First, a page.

Lou found that her work was often viewed as “goofy” when people didn’t bother to look beyond the delightful, surface-level visuals to locate the driving concepts and critiques at the heart of her art. “It seems so patently obvious to me that this was a really deliberate work of art about smashing through the kind of stereotypes and misunderstandings about what it is to be a woman,” Lou said. “It was also talking about racism and sexism. I used popular cliché images of women, from Aunt Jemima to Barbie to the woman on the mud flaps, [because] I realized at some point […] that if I just beaded the kitchen without any kind of imagery showing that I knew what I was doing, no one was going to grant me the full dignity of my intelligence.”

Despite feelings of frustration and being intellectually underestimated at the time, Lou’s kitchen has been a source of inspiration for many viewers, from the time of its first public showing. In the comments of a series of photos of Lou working on “Kitchen” in circa 1994 that she posted on Instagram, people chimed in to share how this artwork impacted them. “This piece changed the direction of my life,” one person wrote. Another added, “This is the reason I started beading. […] It helped me find my voice and my medium.” Others described how seeing “Kitchen” for the first time — whether in the ’90s or at the Whitney today — made them feel: amazed, awestruck, mesmerized, moved.

Liza Lou in her studio (photo by Mick Haggerty, courtesy the artist and Lehmann Maupin, New York, Hong Kong, Seoul, and London)

Now, 25 years after finishing this first major work, Lou has built a life and art career from the foundation that her searching 20-year-old self started with “Kitchen.” Beads have continued to hold fascination for her. “I have a completely different relationship to the material than I did then, a much richer, much deeper, much more profound relationship,” Lou said. “But those earlier days set in motion this connection to labor, to craft, to women’s work that would end up opening up outward into working with other people, working with women, working and thinking about community.”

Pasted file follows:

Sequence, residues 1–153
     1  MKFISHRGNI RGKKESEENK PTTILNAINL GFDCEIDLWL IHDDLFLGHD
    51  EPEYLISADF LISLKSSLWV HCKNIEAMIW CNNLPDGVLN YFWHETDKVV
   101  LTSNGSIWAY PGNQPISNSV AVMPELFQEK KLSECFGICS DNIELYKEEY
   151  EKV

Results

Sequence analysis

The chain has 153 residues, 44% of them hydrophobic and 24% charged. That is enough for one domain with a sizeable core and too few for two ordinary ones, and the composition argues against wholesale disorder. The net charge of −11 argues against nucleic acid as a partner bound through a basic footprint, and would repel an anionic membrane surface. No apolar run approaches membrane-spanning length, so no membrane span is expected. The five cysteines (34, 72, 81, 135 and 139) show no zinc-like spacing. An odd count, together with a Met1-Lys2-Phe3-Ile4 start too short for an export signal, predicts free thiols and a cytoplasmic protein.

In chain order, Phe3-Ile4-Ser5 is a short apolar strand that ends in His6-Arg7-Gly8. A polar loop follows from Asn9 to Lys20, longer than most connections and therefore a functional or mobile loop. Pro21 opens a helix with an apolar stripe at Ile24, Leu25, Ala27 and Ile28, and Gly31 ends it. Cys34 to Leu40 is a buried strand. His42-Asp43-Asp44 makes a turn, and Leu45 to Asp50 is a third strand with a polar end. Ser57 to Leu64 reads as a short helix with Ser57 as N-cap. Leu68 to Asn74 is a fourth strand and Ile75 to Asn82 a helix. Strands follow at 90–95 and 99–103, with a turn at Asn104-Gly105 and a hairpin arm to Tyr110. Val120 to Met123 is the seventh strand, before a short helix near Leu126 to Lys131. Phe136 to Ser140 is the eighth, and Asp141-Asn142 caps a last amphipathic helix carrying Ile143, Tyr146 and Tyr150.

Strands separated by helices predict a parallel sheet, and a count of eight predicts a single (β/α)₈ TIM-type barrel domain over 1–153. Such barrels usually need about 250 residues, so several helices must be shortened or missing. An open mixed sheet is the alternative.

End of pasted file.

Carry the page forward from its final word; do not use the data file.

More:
The physical demands of making such labor-intensive work by herself proved physically unsustainable. To make her subsequent work, she’s gotten help from others. For “Back Yard,” for example, she hosted weekly public grass-making workshops called “lawn parties” to create a quarter million beaded pieces of grass, and in 2005, she founded a beadwork collective in Durban, South Africa. This shift to a communal approach “was the biggest change that happened after the kitchen,” Lou noted.

Liza Lou, “Back Yard” (1996–1999) (detail), glass beads, sequins, wood, wire, plaster, found objects, 264 x 288 inches (Fondation Cartier pour l’art contemporain, Paris, image courtesy the artist and Lehmann Maupin, New York, Hong Kong, Seoul, and London)

Today, “Kitchen” and its themes of women’s work and thankless labor are as sharp and fresh as ever. Swathes of the world stayed home during pandemic lockdowns, pulled into repetitive loops of domestic tasks, including washing endless piles of dishes — similar to the ones in the sink of “Kitchen,” which are beaded with the shapes of germs. The idea of women’s labor has been pulled into sharp contrast over the past year, as women leave the workplace at accelerating rates. The sense of “entrapment,” as Lou put it, that permeates “Kitchen” was also a common quarantine feeling. “I think it’s so interesting how you can never look at a work of art outside of the history and time you’re living in,” Lou noted. “It’s always, always, always informed by what’s happening around you.”

As for the next chapters in the history of “Kitchen,” time will tell. “I’m curious what it will be like in another 25 years,” Lou said. “That’s what’s so lovely about having that work at the Whitney: just knowing that, hopefully, if the world keeps on turning, that the work will still be around.”

Liza Lou’s “Kitchen” is currently on view in Making Knowing: Craft in Art, 1950–2019 at the Whitney Museum of American Art (99 Gansevoort Street, Meatpacking District, Manhattan) through February 2022.

Julie Schneider

When Julie Smith Schneider isn’t writing and editing, she’s carrying on her family’s pun tradition, making custom GIFs, or scheming in her...